Challenges and Trends in the Dairy Industry

Milk is big business in Ontario as it is the largest sector of agriculture with $1.7 billion in milk receipts making up 20% of the province's agricultural production. Ontario currently has 4,200 producers with the average herd size close to 76 cows. These producers spent just over $1.5 billion last year in their local communities which magnifies the importance of the industry.

The dairy sector like many commodities is going through some major changes. The question many producers are asking is - what must I do to stay competitive in the industry? At present the majority of new barns being constructed in Huron and Perth Counties are free stalls with capacity to house and milk over 100 cows. The trend is very obvious - larger herds and fewer farms! However, this does not necessarily mean the "downfall" of smaller family farms. Producers who are making a long term commitment to the industry should be aware of the four major factors that can influence survival and profitability:

  1. Production Efficiencies
  2. Cost Control
  3. Scale of Operation
  4. Debt

The secret for success is to focus on all of the factors that affect profit and strive towards the balanced approach, including quality of life style.

Profit in its simplest form can be defined as (price - cost of production) x volume. This formula can be used as a tool to help evaluate the FINANCIAL HEALTH and FUTURE DIRECTION of a dairy operation.

What makes some farms more profitable?

  1. Price - Milk and subsidy revenue/kg of quota can vary greatly from one farm to the next. Altering the protein/fat ratio can influence returns/kg of quota. Tighter profit margins plus high quota values will force producers to maximize returns from their quota holdings. Milk revenue accounts for approximately 85% of the total revenue on most dairy farms.
  2. Cost of Production (C.O.P.) - Again, there is a tremendous range in cost of production to produce a litre of milk. Producers should track the performance of each enterprise such as dairy, herd replacements and crops to determine what segment of the operation performs best. Well managed, low cost operations will be better positioned to compete in the future. Apply the 60% Rule - total expenses less depreciation and interest payments, ideally should be less than 60% of revenue. The Ontario Farm Management Analysis Project is a good program to show where expenses may be out of line.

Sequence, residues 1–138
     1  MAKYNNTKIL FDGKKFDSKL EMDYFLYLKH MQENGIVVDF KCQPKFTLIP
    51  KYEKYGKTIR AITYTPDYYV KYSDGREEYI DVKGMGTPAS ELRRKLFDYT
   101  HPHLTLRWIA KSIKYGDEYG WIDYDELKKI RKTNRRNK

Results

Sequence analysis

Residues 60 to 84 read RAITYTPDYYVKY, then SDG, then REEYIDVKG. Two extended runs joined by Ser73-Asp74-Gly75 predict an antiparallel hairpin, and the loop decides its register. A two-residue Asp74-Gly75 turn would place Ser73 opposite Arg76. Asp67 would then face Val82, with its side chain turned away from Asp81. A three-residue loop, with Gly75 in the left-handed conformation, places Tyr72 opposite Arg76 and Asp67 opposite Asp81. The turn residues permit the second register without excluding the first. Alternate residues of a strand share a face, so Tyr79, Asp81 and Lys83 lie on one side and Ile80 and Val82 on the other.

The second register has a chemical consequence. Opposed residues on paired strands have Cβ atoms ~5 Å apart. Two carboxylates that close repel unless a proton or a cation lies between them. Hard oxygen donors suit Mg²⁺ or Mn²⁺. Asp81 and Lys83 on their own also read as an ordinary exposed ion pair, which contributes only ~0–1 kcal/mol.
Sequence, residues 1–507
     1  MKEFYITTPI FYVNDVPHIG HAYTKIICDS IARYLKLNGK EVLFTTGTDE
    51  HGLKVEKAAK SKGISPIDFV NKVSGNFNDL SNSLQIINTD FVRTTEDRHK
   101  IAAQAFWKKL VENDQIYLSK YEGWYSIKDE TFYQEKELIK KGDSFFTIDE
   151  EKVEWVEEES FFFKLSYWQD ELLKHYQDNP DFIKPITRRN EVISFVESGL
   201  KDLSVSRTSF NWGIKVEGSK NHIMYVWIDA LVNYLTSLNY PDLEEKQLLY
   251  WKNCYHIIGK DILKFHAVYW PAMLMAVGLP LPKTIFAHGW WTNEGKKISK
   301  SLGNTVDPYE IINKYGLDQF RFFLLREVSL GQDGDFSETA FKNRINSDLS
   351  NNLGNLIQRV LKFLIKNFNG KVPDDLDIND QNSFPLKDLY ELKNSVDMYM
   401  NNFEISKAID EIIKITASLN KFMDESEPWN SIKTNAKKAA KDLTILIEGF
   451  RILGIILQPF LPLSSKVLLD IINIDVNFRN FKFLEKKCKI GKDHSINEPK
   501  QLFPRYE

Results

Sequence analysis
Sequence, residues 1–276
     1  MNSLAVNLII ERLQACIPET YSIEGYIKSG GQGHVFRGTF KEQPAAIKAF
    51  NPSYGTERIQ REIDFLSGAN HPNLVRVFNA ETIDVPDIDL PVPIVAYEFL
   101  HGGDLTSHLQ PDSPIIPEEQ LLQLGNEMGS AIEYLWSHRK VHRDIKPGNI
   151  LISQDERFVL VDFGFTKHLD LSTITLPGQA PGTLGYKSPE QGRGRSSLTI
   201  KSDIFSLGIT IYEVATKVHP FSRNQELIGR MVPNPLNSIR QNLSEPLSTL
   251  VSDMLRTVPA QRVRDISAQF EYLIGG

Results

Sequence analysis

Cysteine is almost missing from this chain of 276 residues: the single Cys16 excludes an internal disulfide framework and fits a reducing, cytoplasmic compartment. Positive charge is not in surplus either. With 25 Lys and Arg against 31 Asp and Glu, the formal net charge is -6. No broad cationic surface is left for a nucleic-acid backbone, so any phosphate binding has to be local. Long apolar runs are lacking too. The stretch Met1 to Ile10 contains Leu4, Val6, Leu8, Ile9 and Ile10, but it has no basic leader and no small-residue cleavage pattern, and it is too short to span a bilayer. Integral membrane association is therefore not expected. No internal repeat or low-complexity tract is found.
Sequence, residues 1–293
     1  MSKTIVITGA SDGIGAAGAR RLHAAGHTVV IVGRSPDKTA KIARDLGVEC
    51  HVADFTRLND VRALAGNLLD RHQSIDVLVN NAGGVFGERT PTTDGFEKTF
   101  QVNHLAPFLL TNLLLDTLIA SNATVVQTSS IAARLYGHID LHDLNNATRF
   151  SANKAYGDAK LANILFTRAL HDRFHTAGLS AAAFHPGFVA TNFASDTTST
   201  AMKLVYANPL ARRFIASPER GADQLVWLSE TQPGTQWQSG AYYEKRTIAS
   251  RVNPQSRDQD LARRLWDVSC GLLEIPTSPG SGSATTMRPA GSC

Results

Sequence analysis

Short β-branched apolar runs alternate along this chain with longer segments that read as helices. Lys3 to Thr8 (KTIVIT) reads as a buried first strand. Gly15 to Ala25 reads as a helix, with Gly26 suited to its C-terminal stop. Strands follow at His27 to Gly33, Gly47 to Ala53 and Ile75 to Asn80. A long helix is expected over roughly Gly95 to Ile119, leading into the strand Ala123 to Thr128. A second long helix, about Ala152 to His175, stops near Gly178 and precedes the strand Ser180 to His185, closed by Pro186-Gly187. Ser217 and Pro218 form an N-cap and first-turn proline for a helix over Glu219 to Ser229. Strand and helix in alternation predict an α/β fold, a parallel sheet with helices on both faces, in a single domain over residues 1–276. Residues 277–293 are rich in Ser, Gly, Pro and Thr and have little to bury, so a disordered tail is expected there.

3. Volume - Aim to produce large volumes of milk both per cow and per person. Strive for a herd average milk production level that is at least 10% or more above provincial average. Efficient production of milk can be summed up in one statement - Maximize dry matter intake. Identify bottlenecks restricting intake and correct them. 

As we near the turn of the century, many challenges and uncertainties face producers:

  • tighter profit margins
  • new technology
  • future of supply management and quota values
  • increasing demands on net farm income (particularly family living costs)

When reviewing personal, financial and production goals, producers should always be reminded of future challenges facing the industry.

Because of the large capital investment required in the dairy industry today, it is important to be a good money manager. Use capital wisely by analyzing all major changes to a business and only make changes based on realistic cashflow projections. Apply the sensitivity rule - can your farm handle a 5% drop in revenue and a 5% rise in expenses? Debt is not necessarily bad, but make sure it's manageable.

In summary, the dairy industry is highly productive, very efficient and a large part of the economy. I believe producers who are willing to adapt to change have good reason to be optimistic about their future.

Last Reviewed: June 2010

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